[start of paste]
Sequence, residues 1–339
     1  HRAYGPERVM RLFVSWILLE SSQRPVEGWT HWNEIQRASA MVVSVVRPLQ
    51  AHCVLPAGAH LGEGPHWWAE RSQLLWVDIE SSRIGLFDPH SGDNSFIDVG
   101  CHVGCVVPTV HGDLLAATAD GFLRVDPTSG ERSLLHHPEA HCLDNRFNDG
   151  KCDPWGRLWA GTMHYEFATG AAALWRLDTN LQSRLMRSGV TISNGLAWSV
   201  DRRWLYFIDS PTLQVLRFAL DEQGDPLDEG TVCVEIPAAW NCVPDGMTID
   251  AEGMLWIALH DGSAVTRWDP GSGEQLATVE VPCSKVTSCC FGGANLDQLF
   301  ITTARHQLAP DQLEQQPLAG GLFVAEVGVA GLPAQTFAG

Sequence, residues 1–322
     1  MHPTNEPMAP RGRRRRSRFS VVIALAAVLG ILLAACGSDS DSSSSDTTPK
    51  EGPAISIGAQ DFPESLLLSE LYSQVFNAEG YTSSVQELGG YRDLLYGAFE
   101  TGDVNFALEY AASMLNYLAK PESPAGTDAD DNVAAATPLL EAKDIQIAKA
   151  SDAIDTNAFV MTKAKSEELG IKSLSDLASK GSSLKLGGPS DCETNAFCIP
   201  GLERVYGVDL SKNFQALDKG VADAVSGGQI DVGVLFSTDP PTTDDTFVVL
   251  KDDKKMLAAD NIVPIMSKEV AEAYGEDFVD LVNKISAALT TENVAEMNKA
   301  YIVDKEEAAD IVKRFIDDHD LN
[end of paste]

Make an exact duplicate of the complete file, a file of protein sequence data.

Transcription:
Sequence, residues 1–339
     1  HRAYGPERVM RLFVSWILLE SSQRPVEGWT HWNEIQRASA MVVSVVRPLQ
    51  AHCVLPAGAH LGEGPHWWAE RSQLLWVDIE SSRIGLFDPH SGDNSFIDVG
   101  CHVGCVVPTV HGDLLAATAD GFLRVDPTSG ERSLLHHPEA HCLDNRFNDG
   151  KCDPWGRLWA GTMHYEFATG AAALWRLDTN LQSRLMRSGV TISNGLAWSV
   201  DRRWLYFIDS PTLQVLRFAL DEQGDPLDEG TVCVEIPAAW NCVPDGMTID
   251  AEGMLWIALH DGSAVTRWDP GSGEQLATVE VPCSKVTSCC FGGANLDQLF
   301  ITTARHQLAP DQLEQQPLAG GLFVAEVGVA GLPAQTFAG

Sequence, residues 1–322
     1  MHPTNEPMAP RGRRRRSRFS VVIALAAVLG ILLAACGSDS DSSSSDTTPK
    51  EGPAISIGAQ DFPESLLLSE LYSQVFNAEG YTSSVQELGG YRDLLYGAFE
   101  TGDVNFALEY AASMLNYLAK PESPAGTDAD DNVAAATPLL EAKDIQIAKA
   151  SDAIDTNAFV MTKAKSEELG IKSLSDLASK GSSLKLGGPS DCETNAFCIP
   201  GLERVYGVDL SKNFQALDKG VADAVSGGQI DVGVLFSTDP PTTDDTFVVL
   251  KDDKKMLAAD NIVPIMSKEV AEAYGEDFVD LVNKISAALT TENVAEMNKA
   301  YIVDKEEAAD IVKRFIDDHD LN